I'd only ever used Eratosthenes' Sieve to find a list of all primes up to a limit and, stupidly, assumed that it would be equally good at testing whether a single number was prime. Silly me!

You have shown your method to be much faster but there's still room for improvement. You reject all even numbers the first time through your loop so there's no point in using even numbers again as divisor. Instead, take the evens test out of the loop then employ a C-style loop to test only odd divisors.

The code. I've tweaked things to return 0 if not prime in order to make testing easier.

The benchmark results.

```Testing with value 2 which is a prime
ok 1 - eratosthenes
ok 2 - tobyink
ok 3 - tobyinkPlus
Testing with value 8357 which is not a prime
ok 4 - eratosthenes
ok 5 - tobyink
ok 6 - tobyinkPlus
Testing with value 9293 which is a prime
ok 7 - eratosthenes
ok 8 - tobyink
ok 9 - tobyinkPlus
Rate eratosthenes      tobyink  tobyinkPlus
eratosthenes 0.154/s           --        -100%        -100%
tobyink       1291/s      838266%           --         -35%
tobyinkPlus   1984/s     1288047%          54%           --
1..9

I hope this is of interest.

Cheers,

JohnGG

Necroposting, but maybe of interest still.

First, no surprise, there are modules that will be much faster than doing it yourself, and easier overall. But let's take a look at pure Perl methods. We can improve the SoE method about 2-3x by using the simple vector sieve from RosettaCode. The sieve using a string is faster yet, but let's keep it simple since clearly this is not the right way to go about testing primality. I also included my version of the all, mod-2 wheel, and mod-6 wheel trial division methods. Although going to a mod-30 wheel can improve things a little more and still be reasonable code, I didn't include it. The mod-6 wheel runs about 2x faster than Toby's original code.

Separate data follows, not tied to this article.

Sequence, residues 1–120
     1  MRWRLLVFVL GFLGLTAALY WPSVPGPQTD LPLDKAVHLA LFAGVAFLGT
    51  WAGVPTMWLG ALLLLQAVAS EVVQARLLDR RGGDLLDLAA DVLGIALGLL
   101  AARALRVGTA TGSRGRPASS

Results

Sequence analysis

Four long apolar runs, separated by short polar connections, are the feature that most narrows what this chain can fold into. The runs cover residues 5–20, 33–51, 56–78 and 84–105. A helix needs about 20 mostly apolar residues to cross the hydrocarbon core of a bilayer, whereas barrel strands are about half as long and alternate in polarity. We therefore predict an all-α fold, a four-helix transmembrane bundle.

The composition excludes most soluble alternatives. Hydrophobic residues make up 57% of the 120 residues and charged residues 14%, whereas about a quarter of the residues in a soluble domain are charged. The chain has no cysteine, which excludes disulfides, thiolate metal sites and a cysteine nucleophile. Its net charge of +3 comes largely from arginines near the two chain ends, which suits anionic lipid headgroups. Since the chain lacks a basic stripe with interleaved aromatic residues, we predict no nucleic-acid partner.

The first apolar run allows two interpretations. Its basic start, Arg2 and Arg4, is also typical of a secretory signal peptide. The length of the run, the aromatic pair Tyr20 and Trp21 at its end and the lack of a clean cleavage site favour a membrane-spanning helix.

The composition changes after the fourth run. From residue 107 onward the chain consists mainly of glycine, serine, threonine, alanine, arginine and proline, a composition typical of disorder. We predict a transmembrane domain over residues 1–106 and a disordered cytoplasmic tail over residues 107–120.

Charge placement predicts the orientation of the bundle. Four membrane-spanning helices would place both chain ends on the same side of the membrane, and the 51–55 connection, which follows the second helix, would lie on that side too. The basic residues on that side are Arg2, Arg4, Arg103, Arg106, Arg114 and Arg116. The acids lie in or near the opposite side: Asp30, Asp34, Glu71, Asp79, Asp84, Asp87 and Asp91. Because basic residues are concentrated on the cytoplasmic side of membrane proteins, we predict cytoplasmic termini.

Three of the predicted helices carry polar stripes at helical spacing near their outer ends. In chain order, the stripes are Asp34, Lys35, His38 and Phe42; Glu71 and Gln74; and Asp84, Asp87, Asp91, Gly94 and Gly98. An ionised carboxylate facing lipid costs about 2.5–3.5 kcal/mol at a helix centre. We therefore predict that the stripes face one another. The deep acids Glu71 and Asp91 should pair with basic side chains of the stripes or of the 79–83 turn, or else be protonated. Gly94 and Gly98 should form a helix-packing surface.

For modules, some choices include:

• Math::Prime::Util        scads faster than anything else, especially for large inputs. Needs Math::Prime::Util::GMP to be very fast for bigints, though it works fine without. I'm biased, being the author.
• Math::Prime::XS           trial division with a mod-30 wheel in XS. Very fast for small numbers, slows down rapidly, no bigint support.
• Math::Pari                  reasonably fast, supports bigints. Since it is based on the ancient Pari 2.1, be careful as it will sometimes give you incorrect results.
• Math::Primality           works, but quite slow as it is designed for bigints
• Math::Prime::FastSieve  if your range is small (e.g. under 1000M) and you have lots of numbers to test, this can work well by doing an efficient sieve in XS then do fast bit tests to determine primality.